Tom Scocca: I liked the column in which he wrote about how buying the Journal showed Murdoch was washed up, because newspapers were dead, etc. Funny, I thought the idea of his book had been that the Journal purchase showed how very vital Murdoch was. Not that I read the book. But I read some reviews! Say, who reviewed that book for the Times?
Choire Sicha: Oh did you? Hmm I cannot remember! Was it this one?
Tom Scocca: Oh, David Carr! Weren't we just talking about him?
Choire Sicha: Well it's a VERY small world. After all, as Wolff points out, he and David Carr "worked" at 'New York' magazine together! Though according to their archives, David Carr wrote.. a few articles in 2001? Between October and December?
Tom Scocca: Clearly that's the most important connection between him and Michael Wolff. That and that they write about the media business. "It's always been amazing to me how little Carr knows about business," Wolff writes.
Tom Scocca: Wolff is not wrong when he suggests that people who write about business don't always know what they're talking about. Think about what sort of clown it would take to write a sentence like this: "News Corp., for its part, has, with its acquisition of the Wall Street Journal, effectively rebranded itself as a newspaper company-a kiss of death."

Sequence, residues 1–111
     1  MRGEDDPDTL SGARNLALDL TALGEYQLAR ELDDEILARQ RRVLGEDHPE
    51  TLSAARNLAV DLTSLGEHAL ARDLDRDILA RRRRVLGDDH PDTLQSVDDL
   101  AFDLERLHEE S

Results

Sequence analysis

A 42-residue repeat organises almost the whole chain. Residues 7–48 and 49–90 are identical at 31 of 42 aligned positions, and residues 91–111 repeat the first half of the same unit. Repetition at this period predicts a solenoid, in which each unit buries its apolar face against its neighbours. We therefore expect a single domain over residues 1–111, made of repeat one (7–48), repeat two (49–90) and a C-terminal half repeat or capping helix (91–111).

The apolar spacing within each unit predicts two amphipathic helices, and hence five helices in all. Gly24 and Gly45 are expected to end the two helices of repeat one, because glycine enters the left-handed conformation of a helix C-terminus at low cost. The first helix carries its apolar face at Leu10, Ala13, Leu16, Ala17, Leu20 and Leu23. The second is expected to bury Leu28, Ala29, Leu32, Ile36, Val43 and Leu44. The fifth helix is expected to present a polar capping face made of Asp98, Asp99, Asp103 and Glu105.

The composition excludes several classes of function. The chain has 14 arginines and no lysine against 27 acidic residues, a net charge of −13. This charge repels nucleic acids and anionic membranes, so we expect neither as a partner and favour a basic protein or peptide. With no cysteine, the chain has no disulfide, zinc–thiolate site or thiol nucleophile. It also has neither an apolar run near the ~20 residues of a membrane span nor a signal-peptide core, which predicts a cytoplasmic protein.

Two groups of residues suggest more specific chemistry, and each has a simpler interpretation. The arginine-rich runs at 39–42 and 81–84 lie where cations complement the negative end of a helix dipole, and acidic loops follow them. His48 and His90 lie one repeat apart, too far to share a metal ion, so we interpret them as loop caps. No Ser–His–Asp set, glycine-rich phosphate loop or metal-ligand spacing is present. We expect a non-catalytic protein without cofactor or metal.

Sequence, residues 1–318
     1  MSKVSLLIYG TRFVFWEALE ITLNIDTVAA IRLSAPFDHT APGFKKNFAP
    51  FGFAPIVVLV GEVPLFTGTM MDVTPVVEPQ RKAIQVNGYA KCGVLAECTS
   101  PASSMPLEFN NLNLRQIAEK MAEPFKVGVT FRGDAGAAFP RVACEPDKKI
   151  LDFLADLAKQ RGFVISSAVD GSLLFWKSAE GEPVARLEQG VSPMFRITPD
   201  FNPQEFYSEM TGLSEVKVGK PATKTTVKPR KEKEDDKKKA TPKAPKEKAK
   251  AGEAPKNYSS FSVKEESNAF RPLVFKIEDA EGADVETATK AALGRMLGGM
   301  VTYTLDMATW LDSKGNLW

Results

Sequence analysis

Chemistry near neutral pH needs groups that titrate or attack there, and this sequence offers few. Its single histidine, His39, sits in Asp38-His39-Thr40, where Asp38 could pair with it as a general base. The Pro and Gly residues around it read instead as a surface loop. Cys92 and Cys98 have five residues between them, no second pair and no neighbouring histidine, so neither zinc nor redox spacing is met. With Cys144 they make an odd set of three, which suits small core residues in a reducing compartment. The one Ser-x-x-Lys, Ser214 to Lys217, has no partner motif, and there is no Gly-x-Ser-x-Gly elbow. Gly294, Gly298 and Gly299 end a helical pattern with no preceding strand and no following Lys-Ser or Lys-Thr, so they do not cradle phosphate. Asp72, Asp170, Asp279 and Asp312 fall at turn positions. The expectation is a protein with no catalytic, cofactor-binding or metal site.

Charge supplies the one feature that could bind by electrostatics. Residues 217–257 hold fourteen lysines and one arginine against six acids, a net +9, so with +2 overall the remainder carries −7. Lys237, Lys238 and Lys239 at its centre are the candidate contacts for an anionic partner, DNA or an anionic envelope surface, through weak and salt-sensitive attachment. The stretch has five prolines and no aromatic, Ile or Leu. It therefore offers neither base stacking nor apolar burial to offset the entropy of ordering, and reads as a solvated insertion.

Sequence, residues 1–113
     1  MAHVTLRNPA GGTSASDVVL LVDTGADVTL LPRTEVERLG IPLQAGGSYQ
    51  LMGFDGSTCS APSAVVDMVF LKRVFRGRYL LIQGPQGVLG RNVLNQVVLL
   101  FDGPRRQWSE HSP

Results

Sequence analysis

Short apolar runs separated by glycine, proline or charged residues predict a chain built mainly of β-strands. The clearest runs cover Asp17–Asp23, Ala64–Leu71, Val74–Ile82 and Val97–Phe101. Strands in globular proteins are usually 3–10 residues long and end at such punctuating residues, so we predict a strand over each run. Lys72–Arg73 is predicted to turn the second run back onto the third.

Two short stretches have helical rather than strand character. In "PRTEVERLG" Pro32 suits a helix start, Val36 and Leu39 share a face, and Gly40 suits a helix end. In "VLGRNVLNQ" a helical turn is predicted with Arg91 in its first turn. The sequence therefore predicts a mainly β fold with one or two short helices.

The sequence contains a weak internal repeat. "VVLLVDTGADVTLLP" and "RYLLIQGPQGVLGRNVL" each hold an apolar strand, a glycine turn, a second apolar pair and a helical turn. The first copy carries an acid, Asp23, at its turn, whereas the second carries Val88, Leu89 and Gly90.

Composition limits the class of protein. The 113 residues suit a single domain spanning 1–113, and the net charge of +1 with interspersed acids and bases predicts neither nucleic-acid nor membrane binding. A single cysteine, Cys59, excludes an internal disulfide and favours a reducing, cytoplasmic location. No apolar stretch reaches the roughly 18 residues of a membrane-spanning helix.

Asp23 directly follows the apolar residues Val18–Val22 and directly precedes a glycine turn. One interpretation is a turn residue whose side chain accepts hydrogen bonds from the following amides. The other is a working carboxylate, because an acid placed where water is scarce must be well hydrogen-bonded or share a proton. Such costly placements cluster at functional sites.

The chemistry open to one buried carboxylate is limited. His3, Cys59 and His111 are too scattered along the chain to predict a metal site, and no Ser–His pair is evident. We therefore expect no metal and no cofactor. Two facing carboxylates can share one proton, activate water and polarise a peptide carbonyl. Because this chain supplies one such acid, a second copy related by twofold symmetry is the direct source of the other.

Choire Sicha: That does sound sort of bad–but perhaps time will make a fool of us! Of course, the two met again last summer. They were on a panel!
Michael Wolff began a denouncement that would last throughout the hour, asserting that the "New York Times is in a large part getting its news off the internet."
Wolff later said, "the truth is, that out there is the perception that you're not really offering all that much value. It doesn't make any difference if you believe you are." David Carr retorted that the claim was "a bunch of shit" and pointed to "really great metrics in…the growth of our online audience."
But then Wolff said all the Times traffic was from About.com, which was a particularly shoddy website!
Tom Scocca: "The truth is, that out there is the perception"–I think you could put that on the Newer banner.
Choire Sicha: It's punchy!
Tom Scocca: Hey, speaking of Web sites, I just took a look at the site of News Corp, which has effectively rebranded itself as a newspaper company. If they really want to rebrand, they should move the "Newspapers and Information Services" tab over from its current spot, sixth from the left. After "Filmed Entertainment," "Television," "Cable Programming," "Direct Broadcast Satellite Television," and "Magazines and Inserts." But before "Books" and "Other Assets."
Tom Scocca: Oh, hey, there's a big picture of Hugh Jackman with blades coming out of his hands. Rupert owns that, doesn't he? Did the Friday Wall Street Journal make $35 million last week? Because Wolverine did.
Tom Scocca: Maybe Michael Wolff should tape a set of steak knives to the back of his fists. Rupert might pay more attention. If your whole life is gonna be a superhero fantasy, you might as well go all the way.
Choire Sicha: Now is a good time to mention that I am on book contract for a fine News Corp. product! Also I might note that News Corp. will announce their quarterly results tomorrow at 4 p.m., though I'm sure Michael Wolff will deliver that information to us in our inboxes. Anyhoo! So you're comparing Murdoch and Wolff, and noticing that this supposed newspaper business is actually very diversified–and inter-folded, whereas Wolff has a blog.
Tom Scocca: Yeah, but besides that, they're basically rivals. At least they're both banging the help.
Choire Sicha: !!!
Tom Scocca: Although Rupert put a ring on it.
Previously: The Los Angeles Times.